Wednesday, September 30, 2020

Two more BDF employees face fraternization charges

Another ‘Romeo &Juliet’ case involving two Botswana Defense Force (BDF) employees is set to go to trial in July. The two employees , Captain Letsomo and Corporal Matlhapeng are facing charges of being in involved in a ‘prohibited intimate relationship  …the same conduct being prejudicial to Good Order and Military Discipline contrary to section 65 of the BDF Act Cap21:05 of Laws of Botswana back in 2013.”

When moving an application for the case to be dismissed the defense, led by Busang Manewe, argued that in terms of the old act, which was repealed earlier this year, fraternization is not an offence because there is no reference to it. He argued that while in terms of the new Act fraternization is an offence, his clients could not be charged in terms of the new Act because the said offence occurred prior to its enactment.

“It is our position that section 10 (4) of the Botswana Constitution is consistent with our common law position to the effect that there is a presumption against a retrospective application of any law.”

The defense gave the court-martial a ultimatum to either dismiss the case failing which they be allowed to seek refuge in terms of section 18 (3) of the Constitution to refer the matter to the High Court for determination.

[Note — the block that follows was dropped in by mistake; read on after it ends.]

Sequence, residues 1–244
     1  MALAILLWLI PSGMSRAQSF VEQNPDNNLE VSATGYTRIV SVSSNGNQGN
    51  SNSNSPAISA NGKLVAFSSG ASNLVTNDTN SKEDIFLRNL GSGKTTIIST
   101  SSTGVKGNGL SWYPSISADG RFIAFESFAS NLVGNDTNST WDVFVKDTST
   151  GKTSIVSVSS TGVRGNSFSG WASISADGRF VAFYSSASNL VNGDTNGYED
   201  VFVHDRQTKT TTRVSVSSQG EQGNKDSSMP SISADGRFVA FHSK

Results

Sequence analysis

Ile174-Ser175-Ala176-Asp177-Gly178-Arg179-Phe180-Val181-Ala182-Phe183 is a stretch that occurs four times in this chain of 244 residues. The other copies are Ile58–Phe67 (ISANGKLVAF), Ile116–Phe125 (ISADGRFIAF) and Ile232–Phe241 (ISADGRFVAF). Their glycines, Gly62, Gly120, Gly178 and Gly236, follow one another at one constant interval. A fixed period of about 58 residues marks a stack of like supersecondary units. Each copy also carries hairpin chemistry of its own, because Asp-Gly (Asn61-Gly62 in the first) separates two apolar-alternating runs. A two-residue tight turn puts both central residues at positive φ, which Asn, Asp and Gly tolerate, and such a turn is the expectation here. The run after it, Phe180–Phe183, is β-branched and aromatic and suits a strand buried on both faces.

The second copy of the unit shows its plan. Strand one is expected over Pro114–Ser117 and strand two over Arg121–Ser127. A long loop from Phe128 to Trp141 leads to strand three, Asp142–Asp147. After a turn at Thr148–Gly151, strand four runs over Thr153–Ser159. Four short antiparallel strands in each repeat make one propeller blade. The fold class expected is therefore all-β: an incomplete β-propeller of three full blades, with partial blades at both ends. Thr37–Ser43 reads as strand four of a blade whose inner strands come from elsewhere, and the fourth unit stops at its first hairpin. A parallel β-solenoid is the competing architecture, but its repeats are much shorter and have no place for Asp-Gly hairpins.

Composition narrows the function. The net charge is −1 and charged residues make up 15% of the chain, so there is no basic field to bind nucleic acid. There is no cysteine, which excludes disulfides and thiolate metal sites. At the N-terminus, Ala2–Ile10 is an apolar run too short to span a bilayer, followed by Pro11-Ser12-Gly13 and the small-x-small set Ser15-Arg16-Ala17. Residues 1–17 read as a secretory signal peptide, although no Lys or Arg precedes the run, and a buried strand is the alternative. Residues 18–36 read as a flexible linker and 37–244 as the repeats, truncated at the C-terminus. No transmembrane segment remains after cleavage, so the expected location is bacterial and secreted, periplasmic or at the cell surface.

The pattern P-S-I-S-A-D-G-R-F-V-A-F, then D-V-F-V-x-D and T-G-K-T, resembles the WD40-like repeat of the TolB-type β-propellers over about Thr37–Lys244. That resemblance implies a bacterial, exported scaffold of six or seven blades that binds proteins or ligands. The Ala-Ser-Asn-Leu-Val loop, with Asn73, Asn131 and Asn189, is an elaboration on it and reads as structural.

“If in any proceedings in any subordinate court any question arises as to the contravention of any of the provisions of sections 3 to 16 (inclusive) of this

Constitution, the person presiding in that court may, and shall if any party to the proceedings so requests, refer the question to the High Court unless, in his or her opinion, the raising of the question is merely frivolous or vexatious,” section 18(3) reads.

In their response the prosecution concurred that the law does not have retrospective effect. The prosecutor argued that the fact that parliament has now decided to come up with a specific provision that deals with conduct referred to as fraternization does not mean before the enactment of the new Act (No 3 of 2018) the two employees conduct could not be punishable under any provision of the Act existing at the time the offense was committed.

“The conduct was still punishable under the repealed Act.” Following adjournment the court-martial ruled that the case go to trial on a specified date. The two accused shall appear again at the martial court in July, 2018 where they will be charged in accordance with the old BDF Act.

The particulars of the offence are that the incident happened in Mogoditshane on or about the year 2013 when the two were involved in a ‘prohibited intimate relationship’.The case is reminiscent of another case in which Lieutenant Tlhabang Thapisang and Private Kozondu Uariua were charged under the similar Policy on Fraternization and Harassment Act. 

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